Arizona police departments will have up to $500,000 to install fire-prevention materials in Ford Crown Victoria patrol cars, whose fuel systems have contributed to the fiery deaths of three local lawmen since 1998, reports the Arizona Republic. The money will come from DUI fines. In the past decade, at least 19 police officers nationwide burned to death when their Crown Victoria patrol cars ignited and erupted into flames in rear-end collisions.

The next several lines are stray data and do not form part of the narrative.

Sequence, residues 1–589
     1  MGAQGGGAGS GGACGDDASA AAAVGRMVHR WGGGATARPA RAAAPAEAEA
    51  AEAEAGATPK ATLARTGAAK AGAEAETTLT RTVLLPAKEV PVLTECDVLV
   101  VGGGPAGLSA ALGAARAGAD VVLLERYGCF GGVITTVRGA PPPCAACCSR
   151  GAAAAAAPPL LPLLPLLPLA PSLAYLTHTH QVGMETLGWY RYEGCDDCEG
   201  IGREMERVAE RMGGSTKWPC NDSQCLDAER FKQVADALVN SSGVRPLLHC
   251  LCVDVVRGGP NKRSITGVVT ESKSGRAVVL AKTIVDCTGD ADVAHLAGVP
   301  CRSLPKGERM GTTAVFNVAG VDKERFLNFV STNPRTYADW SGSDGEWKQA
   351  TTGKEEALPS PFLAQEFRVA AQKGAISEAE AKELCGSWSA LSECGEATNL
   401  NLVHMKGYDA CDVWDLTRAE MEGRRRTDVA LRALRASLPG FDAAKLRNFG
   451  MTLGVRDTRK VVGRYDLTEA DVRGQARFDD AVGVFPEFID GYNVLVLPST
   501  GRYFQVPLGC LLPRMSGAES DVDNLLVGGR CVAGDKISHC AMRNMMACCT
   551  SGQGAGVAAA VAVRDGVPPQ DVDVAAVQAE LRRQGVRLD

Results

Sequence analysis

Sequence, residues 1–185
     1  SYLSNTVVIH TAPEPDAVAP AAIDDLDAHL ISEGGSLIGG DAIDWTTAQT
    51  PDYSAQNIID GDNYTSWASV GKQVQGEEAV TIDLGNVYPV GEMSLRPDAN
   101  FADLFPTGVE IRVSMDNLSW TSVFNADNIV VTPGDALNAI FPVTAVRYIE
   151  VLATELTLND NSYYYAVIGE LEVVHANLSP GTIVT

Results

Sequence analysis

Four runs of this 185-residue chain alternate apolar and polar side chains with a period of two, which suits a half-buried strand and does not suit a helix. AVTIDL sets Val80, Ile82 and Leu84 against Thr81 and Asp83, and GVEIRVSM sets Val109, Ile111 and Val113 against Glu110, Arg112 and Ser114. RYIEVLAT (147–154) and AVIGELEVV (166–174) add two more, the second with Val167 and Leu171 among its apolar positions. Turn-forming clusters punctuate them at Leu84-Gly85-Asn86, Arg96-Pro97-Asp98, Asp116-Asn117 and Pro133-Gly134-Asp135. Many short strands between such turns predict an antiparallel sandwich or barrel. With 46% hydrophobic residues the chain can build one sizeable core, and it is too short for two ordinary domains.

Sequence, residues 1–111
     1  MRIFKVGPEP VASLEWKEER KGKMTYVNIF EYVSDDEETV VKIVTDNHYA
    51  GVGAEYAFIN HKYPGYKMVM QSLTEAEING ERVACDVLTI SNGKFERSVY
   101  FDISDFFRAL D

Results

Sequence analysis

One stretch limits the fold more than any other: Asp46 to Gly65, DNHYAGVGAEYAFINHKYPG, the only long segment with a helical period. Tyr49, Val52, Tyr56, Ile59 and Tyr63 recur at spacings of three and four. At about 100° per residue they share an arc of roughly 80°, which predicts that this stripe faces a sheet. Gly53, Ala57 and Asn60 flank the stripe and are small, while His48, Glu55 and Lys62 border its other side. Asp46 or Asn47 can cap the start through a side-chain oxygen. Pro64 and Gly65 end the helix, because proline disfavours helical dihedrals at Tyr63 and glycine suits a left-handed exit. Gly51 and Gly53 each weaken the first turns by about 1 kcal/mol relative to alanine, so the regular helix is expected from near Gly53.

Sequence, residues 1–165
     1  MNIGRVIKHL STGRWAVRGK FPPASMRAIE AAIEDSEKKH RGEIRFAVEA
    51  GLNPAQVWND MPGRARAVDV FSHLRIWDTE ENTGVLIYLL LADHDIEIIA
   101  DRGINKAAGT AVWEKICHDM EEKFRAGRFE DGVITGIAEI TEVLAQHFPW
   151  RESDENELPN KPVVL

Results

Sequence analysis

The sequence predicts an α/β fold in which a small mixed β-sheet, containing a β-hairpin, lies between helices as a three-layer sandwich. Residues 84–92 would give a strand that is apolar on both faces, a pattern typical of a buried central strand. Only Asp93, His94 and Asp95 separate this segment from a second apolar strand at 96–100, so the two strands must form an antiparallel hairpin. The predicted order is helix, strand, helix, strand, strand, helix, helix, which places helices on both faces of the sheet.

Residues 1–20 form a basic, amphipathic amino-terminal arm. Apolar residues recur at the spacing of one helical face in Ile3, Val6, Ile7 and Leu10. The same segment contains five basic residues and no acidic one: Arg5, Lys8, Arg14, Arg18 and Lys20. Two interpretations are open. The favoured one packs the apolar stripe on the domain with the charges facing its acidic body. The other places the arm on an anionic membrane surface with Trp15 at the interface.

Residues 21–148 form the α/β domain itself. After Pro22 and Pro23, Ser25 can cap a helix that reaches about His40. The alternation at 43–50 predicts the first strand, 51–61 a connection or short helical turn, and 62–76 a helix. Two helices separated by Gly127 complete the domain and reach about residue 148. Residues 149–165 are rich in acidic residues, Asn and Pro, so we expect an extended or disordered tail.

Jason Schechterle, a former Phoenix police detective who retired in 2006, was critically burned in March 2001 when his patrol car was rear-ended by a speeding taxi and burst into flames. After his crash, police agencies and safety experts blamed the fuel-tank design and lobbied to make the cars safer. The Phoenix Police Department in 2003 installed shields over fuel tanks to minimize the possibility of a rupture. The panels, created by Scottsdale-based Firetrace, absorb impact in a crash and release a powder that prevents ignition. The company knows of 25 incidents across the U.S. in which a patrol car was rear-ended but did not ignite as a result of the fuel-tank panel. About 2,500 such panels are in use nationwide.